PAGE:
Return To Glory
Go ahead and dream. Dream the impossible. As if there is such a thing anymore. If you weren't a believer already, Micheal Spurlock made you believe anything can happen Sunday. So did the Bucs. Their 37-3 victory against the Falcons locked up another division title, their third in six seasons under Coach Jon Gruden and sixth in 32 seasons overall.

Coming on a disappointing 4-12 finish last year, it might have been the most improbable title of all. Objective observers certainly didn't see it coming. Not like this. Players you never heard of - players Gruden never heard of - have stepped up all season for this team. They have helped the Bucs do what many thought was impossible. Spurlock was just the latest.

Until this time last year, he had never returned a kick. Sunday, he returned one 90 yards for a touchdown. Prior to Sunday, 139 other Bucs had tried to do what Spurlock did. They tried a combined 1,864 times. None had succeeded. It was an infamous record. Now it's history. So is Spurlock. So are the Bucs.

Their victory ended another worst-to-first journey and left them with a 9-5 record with two games to play. Want to dream? Dream about the playoffs. They're real now. A lot still can happen, but the Bucs will host a first-round game, probably against the New York Giants. Beyond that, who knows? Let your imagination run wild. You have the right now. Spurlock gave it to you.

His story isn't a whole lot different than those of Earnest Graham, Greg White or Jovan Haye. The first two also worked their way into the Bucs' record book and the latter closed in during Sunday's victory. Graham became the first Buc to score touchdowns in six consecutive games, and White tied a record for most fumbles forced in a season with seven. Haye moved to within one of the team record for most fumble recoveries in a season with five.

There are others. Quarterback Luke McCown won a critical game for the Bucs at New Orleans two weeks ago; left tackle Donald Penn almost has made us forget that Luke Petitgout was signed to anchor the young offensive line. "We wouldn't be 9-5 without those guys," said cornerback Ronde Barber, who started the rout by picking off quarterback Chris Redman and returning the ball 29 yards for a touchdown three plays into the game. "They're a bunch of guys rising way above everyone's expectations and doing things no one thought they'd do. They've kind of defined this team."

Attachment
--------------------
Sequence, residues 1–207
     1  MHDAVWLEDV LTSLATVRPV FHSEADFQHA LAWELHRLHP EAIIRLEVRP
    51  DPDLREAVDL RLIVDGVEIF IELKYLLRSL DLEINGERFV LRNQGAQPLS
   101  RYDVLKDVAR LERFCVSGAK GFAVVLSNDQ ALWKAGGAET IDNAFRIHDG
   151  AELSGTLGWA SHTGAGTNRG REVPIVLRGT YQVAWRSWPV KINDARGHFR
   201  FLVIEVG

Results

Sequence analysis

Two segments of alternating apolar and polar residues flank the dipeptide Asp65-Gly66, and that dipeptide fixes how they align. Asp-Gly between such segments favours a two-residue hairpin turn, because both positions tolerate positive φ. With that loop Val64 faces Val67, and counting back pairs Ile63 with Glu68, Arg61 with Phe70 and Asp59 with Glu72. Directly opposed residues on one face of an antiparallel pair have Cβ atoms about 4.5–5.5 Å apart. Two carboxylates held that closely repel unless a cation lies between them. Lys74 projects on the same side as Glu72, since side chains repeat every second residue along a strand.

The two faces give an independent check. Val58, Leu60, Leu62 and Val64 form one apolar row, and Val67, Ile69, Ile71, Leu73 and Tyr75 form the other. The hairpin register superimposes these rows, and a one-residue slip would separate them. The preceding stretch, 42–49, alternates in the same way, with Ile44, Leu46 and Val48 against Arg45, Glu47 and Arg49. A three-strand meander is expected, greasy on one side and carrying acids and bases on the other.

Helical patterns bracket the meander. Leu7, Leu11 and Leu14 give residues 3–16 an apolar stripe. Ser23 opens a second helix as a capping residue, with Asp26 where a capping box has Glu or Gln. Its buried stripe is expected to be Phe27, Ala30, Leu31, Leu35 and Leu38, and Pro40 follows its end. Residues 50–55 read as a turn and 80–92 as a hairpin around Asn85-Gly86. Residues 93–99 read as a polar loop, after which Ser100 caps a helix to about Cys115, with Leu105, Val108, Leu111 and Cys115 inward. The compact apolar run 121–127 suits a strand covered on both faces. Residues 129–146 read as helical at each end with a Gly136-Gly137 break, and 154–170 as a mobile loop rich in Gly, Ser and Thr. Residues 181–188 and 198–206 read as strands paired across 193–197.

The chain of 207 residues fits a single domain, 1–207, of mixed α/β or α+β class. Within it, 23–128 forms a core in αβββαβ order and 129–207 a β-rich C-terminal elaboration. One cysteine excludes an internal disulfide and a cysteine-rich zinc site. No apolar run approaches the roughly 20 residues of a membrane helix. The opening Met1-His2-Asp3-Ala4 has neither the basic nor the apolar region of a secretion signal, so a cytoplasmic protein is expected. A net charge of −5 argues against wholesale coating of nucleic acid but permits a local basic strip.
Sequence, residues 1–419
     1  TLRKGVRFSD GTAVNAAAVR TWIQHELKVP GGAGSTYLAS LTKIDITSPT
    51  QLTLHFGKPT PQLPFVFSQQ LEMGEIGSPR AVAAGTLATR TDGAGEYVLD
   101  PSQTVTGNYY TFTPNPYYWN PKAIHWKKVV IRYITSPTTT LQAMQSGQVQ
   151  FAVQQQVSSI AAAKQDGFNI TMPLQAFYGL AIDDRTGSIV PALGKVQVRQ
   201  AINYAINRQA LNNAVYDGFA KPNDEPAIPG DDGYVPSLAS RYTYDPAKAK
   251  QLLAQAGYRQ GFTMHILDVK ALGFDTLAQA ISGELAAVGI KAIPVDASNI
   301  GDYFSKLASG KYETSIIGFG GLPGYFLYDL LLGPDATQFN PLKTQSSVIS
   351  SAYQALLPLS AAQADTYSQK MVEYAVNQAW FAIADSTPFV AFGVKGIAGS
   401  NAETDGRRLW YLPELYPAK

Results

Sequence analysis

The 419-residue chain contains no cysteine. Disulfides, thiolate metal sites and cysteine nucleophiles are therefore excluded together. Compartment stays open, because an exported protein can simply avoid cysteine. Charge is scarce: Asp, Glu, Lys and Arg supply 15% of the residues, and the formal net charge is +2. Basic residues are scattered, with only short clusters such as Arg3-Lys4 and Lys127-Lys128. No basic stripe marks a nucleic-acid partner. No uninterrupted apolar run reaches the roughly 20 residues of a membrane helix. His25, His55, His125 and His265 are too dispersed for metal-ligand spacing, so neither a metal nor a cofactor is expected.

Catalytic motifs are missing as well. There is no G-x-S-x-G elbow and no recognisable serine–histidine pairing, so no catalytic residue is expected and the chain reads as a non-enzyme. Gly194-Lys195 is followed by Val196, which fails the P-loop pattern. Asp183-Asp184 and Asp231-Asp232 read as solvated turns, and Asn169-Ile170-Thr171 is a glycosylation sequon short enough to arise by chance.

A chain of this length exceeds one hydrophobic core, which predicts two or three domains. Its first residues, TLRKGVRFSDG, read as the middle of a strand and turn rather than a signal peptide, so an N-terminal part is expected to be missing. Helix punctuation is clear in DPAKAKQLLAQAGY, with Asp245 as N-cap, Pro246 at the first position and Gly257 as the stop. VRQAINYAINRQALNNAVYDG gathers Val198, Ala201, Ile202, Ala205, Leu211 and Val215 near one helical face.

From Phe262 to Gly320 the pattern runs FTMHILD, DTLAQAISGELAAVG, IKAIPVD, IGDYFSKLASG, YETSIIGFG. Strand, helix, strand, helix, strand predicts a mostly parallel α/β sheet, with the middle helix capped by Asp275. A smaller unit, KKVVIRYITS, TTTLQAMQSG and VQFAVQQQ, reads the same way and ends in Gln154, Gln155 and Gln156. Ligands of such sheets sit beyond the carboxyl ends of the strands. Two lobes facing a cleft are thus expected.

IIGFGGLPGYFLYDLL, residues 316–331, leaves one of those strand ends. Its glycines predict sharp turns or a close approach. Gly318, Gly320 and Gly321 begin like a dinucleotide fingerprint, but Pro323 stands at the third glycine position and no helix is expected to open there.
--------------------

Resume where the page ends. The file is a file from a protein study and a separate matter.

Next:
Spurlock epitomizes them. He came aboard long after the season started, a replacement for injured return man Mark Jones and a player with little NFL experience. Now he's a legend, at least in Tampa. Already fueled by Barber's return for a touchdown, Spurlock's kick return served as yet another kick to the gut of a Falcons team that was still feeling the aftershocks of perhaps the worst week in franchise history.

It started with their former starting quarterback and cornerstone, Michael Vick, being sentenced to 23 months in prison for running a dogfighting operation. It continued with their coach quitting on them a day later. The Falcons (3-11) wouldn't use any of that as an excuse, but with the exception of a running attack that rattled off 106 yards on 20 carries, they didn't play a very sharp game.

They threw for 27 yards, never converted a third down and gave the ball away four times on turnovers, including three that resulted in points for a Bucs offense that became very conservative after the first quarter. Sensing that the game was in their hands, the Bucs scaled back their attack and ran the ball 48 times. Even that was effective as they ran for 190 yards while throwing for 109 and a touchdown.

Afterward, Bucs quarterback Jeff Garcia continued to express some concern about his team's ability to capitalize inside the red zone, where the Bucs struggled again Sunday, settling three of five times for field goals. "That was frustrating," Garcia said. "I want to have drives that finish with touchdowns. I want to get in the red zone and score touchdowns and as an offensive we weren't as effective as we want to be. I want our offense to stand up and showcase itself. We can't continue to always rely on the defense and special teams. We need to handle our own business and have our own production."

The offense did produce Sunday, accounting for 23 of the Bucs' 37 points. That and the help they got from the defense and Spurlock allowed them to keep their dream alive of doing something really special. "It's just a credit to the players and the coaches, believing in ourselves and overcoming certain obstacles throughout the season like injuries and situations where people had everything stacked up against us," Garcia said. "But we never listened to what was going on outside of our facility. It's always been about us; we rise and fall together and it's been a great year so far and now we just want to make it better on a weekly basis."

Roy Cummings, The Tampa Tribune 17 December 2007